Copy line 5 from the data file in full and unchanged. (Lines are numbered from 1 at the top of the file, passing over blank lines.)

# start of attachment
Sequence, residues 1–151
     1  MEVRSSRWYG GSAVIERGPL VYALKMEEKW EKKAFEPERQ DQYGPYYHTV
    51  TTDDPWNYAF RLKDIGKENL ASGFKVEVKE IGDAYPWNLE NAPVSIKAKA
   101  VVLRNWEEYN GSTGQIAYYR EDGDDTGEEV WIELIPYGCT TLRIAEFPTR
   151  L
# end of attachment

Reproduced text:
   151  L